Before science made these exciting discoveries, Ayurvedic physicians taught their patients the principles for living a lifestyle that cultivates health, happiness, and longevity to prevent diseases we may be prone to. That is why we call Ayurveda ‘the original lifestyle medicine”. Ayurveda shows us how to make conscious, healing choices about our diet, exercise, sleep, emotions, and all other aspects of our lives. The approach is personalized, preventative, and practical…it’s the “Science of Life.”

It has given me a fresh perspective on longevity and vitality, and I look forward to passing along all these learnings to myself and others.

Based on your research or experience, please share your “5 Things You Need To Live A Long & Healthy Life”?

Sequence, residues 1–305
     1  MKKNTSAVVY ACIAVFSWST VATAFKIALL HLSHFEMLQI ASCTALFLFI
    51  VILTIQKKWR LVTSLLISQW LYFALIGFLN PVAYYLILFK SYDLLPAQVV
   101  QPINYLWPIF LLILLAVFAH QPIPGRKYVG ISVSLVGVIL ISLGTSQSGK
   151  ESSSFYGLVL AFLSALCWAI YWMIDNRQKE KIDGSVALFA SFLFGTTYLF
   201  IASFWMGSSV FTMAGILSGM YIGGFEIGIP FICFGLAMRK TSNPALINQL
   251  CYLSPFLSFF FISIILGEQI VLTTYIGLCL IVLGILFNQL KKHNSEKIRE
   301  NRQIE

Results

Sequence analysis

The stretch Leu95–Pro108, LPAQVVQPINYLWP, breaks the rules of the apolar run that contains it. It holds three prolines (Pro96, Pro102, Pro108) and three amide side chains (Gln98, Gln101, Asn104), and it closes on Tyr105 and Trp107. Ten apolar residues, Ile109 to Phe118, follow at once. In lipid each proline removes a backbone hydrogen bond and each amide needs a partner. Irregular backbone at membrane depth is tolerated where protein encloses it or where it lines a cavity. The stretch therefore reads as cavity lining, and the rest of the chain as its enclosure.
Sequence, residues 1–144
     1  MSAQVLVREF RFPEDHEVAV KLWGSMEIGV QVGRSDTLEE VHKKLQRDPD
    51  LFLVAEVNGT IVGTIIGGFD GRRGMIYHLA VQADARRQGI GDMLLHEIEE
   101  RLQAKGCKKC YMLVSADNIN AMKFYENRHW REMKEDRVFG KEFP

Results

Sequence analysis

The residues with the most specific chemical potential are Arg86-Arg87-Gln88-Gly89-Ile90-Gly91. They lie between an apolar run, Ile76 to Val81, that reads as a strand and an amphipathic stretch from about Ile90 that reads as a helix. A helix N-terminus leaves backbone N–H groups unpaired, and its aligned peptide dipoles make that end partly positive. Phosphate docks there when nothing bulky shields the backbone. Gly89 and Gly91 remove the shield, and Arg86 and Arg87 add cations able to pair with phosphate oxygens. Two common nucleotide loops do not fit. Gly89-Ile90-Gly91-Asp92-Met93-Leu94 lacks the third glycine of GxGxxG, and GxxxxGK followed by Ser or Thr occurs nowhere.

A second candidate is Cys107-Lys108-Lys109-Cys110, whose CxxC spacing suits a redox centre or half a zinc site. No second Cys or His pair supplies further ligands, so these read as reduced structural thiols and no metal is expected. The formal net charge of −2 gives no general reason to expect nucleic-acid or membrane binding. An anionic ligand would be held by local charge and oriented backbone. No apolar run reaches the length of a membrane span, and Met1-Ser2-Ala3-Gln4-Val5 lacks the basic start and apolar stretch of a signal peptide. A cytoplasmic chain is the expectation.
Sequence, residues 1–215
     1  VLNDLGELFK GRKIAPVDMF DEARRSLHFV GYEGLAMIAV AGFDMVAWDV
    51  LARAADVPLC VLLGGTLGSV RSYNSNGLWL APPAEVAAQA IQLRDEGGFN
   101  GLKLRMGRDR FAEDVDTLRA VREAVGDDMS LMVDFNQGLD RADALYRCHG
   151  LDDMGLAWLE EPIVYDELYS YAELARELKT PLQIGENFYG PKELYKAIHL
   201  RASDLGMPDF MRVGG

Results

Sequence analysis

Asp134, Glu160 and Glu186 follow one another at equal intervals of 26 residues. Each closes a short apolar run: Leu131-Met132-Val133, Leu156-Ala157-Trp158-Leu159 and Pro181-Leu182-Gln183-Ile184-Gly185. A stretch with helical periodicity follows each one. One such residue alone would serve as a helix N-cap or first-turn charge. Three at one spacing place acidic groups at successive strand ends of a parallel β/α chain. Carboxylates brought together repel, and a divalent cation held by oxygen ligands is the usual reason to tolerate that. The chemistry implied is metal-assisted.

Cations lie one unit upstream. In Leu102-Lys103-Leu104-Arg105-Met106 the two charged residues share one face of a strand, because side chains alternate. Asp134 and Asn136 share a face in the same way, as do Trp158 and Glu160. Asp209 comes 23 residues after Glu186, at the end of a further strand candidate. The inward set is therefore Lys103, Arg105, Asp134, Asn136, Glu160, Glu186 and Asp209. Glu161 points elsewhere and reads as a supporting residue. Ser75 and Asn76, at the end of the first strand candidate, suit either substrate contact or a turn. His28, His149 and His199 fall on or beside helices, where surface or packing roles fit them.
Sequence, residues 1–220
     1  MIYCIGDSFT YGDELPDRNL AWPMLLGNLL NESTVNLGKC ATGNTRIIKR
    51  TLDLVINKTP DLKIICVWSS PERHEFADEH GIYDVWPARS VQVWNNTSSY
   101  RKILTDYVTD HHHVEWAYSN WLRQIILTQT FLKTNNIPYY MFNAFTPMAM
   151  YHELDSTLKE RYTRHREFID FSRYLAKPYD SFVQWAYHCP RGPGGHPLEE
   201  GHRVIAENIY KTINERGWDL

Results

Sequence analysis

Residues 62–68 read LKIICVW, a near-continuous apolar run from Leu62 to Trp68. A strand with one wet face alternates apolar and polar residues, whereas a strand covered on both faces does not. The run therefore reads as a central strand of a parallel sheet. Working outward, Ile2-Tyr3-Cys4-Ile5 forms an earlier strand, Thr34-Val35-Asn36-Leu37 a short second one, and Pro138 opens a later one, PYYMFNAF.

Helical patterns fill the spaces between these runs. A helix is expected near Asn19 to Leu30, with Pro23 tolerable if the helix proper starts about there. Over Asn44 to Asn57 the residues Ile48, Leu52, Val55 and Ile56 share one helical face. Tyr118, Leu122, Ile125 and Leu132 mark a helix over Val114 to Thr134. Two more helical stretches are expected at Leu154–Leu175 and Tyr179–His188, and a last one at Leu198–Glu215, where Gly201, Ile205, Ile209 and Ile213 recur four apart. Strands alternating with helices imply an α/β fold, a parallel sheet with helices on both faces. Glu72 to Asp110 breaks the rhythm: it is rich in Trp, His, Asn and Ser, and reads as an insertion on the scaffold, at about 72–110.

1. Mindset and Practice of Gratitude…Gratitude may be vital for pulling ourselves and others out of a funk or rebooting a blue mood. Daily gratitude gives us a deeper connection to ourselves and the world. Research has shown that regularly exercising gratitude can enhance our moods, strengthen social bonds, lower stress and anxiety, and improve overall wellness. Gratitude is a virtue that can help you get through even the toughest of times. You alone control your thoughts and the words you say to yourself. Why not be grateful for what you DO have and plant those positive seeds of gratitude into your life? Building this muscle, so to speak, helps to keep your head out of the negative sand. This doesn’t happen overnight but rather with a daily practice of kindness and gratitude towards yourself and the circumstances around you. This practice sets the tone for my mindset every day. This practice has been so successful for many clients and family members. Nothing is more significant than seeing people have that “light bulb moment” when this practice gets into their daily routine, and they can feel and see the benefits.